The judge presiding over the murder trial of Kyle Rittenhouse went into a semi-rant about biblical history while talking about about the roots of hearsay law in the State of Wisconsin, Law&Crime reports.
The issue arose when lead prosecutor Thomas Binger played a video that contained an audio track. In the recording, a narrator from The Rundown Live indicated that he was present at the time of the recording with “a bunch of militia” in Wisconsin and described the vandalism of a car dealership the previous day. Defense attorney Mark Richards said the track contained “editorialization” and should neither have been played nor continue to be played before the jury.
Binger said both parties had consented to the authenticity of the recording. He said the person who made the recording could easily be subpoenaed for confrontation purposes — which is what concerned Judge Bruce Schroeder.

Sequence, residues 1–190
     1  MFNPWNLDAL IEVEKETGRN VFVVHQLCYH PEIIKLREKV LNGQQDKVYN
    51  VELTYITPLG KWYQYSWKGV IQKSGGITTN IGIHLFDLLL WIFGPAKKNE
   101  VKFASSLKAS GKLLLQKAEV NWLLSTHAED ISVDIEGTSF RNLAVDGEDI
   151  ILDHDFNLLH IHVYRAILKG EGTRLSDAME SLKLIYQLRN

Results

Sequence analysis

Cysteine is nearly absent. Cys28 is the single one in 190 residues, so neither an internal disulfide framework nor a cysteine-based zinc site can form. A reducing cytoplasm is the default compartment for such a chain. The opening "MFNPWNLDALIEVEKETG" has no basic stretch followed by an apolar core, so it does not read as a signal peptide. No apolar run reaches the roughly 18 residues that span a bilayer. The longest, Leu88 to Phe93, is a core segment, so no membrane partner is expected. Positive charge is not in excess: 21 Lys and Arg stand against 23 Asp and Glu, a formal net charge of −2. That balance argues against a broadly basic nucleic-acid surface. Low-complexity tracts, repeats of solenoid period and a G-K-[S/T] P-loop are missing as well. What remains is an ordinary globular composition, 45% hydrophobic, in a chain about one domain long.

“This is actually referred to in the Bible. Saint Paul, when he was put on trial in – I think it’s Caesarea – well, it was over in Palestine — in Israel — he was accused of some activity,” Judge Schroeder said.
“And he was a Roman citizen, which is not common, but he happened to have been a Roman citizen. So, he had rights that we share now as Americans,” he continued. “And he when they tried to put him on trial with evidence from — which was being repeated by somebody who wasn’t there and under oath — he said, ‘Where are the witnesses against me? I am a Roman, and I have a right to confront my accusers. They should be here.’”
“And so that led to, actually, his voyage to Rome to have his case heard before the Emperor. So it’s an ancient rule,” he said. “It’s strictly, strictly enforced in the criminal courts for very obvious reasons.”
Read it over at Law&Crime.